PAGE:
So, uh, *cough*, that leaves us in a bit of an interesting situation with respect to this blog, since it’s the first time I get to depart from my “planned” topics which I’d already more-or-less worked out in advance, and start throwing about wild ideas to see what sticks. This topic is already long, so it’s definitely going to be split across multiple posts. For now, I’ll leave you with an explicit statement of my conclusion, which hasn’t changed much: living beings, like all other macroscopic objects, are abstractions. This includes oneself. The experiential property (that sense of being there “watching” things happen) is an emergent property due to the complex reflexive interactions of various conscious and subconscious components of the brain. Identity (as much as it is distinct from consciousness proper) is something we apply to others first via socially negotiation and then develop for ourselves via analogy with the identities we have for others.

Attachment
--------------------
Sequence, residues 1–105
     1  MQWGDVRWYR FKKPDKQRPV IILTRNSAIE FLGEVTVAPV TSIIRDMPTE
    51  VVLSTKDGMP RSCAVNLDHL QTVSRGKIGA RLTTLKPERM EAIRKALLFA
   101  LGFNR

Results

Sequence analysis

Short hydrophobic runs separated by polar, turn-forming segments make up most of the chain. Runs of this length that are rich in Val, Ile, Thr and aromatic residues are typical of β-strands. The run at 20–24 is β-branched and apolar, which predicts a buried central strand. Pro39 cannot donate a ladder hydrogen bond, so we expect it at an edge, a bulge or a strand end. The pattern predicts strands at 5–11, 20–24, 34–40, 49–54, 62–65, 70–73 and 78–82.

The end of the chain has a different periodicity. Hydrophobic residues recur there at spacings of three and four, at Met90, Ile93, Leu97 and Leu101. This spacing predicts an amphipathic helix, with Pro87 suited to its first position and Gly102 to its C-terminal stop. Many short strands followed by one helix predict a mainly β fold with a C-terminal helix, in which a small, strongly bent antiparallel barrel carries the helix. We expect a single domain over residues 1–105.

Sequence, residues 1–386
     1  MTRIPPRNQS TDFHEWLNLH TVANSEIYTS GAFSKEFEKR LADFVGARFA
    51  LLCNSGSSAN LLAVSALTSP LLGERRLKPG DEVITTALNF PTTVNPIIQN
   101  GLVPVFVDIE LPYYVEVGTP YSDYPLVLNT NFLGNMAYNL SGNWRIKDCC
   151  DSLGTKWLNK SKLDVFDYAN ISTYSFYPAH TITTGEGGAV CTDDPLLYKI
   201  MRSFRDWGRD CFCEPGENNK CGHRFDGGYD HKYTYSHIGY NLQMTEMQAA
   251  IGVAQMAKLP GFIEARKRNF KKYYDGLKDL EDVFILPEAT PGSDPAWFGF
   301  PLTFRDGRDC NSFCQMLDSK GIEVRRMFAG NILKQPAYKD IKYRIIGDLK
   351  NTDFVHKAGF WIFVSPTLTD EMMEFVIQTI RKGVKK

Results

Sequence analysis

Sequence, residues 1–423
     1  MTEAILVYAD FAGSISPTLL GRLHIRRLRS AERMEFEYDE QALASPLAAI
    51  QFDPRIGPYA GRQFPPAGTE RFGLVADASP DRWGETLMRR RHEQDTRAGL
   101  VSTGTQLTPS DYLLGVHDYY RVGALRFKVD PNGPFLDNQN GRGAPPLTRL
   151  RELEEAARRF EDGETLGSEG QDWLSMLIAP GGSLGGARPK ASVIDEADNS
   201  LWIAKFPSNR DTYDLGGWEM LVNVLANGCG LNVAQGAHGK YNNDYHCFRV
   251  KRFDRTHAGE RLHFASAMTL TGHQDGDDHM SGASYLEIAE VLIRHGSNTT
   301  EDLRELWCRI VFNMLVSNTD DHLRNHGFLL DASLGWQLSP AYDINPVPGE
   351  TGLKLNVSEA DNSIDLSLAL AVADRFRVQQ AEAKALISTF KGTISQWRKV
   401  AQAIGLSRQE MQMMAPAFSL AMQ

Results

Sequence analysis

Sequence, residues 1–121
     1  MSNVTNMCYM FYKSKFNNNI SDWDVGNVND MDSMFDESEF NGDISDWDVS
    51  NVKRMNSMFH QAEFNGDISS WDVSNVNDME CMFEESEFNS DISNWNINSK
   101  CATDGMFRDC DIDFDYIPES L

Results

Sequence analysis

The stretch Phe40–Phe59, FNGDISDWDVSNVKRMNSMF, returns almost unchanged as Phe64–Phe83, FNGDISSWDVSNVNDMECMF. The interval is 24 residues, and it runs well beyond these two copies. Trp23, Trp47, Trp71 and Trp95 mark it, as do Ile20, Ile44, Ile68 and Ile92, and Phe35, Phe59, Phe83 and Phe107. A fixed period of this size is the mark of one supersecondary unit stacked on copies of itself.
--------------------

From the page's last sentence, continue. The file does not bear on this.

I realize that’s kinda messy, but this exploratory guesswork is the best part of philosophy. Onwards!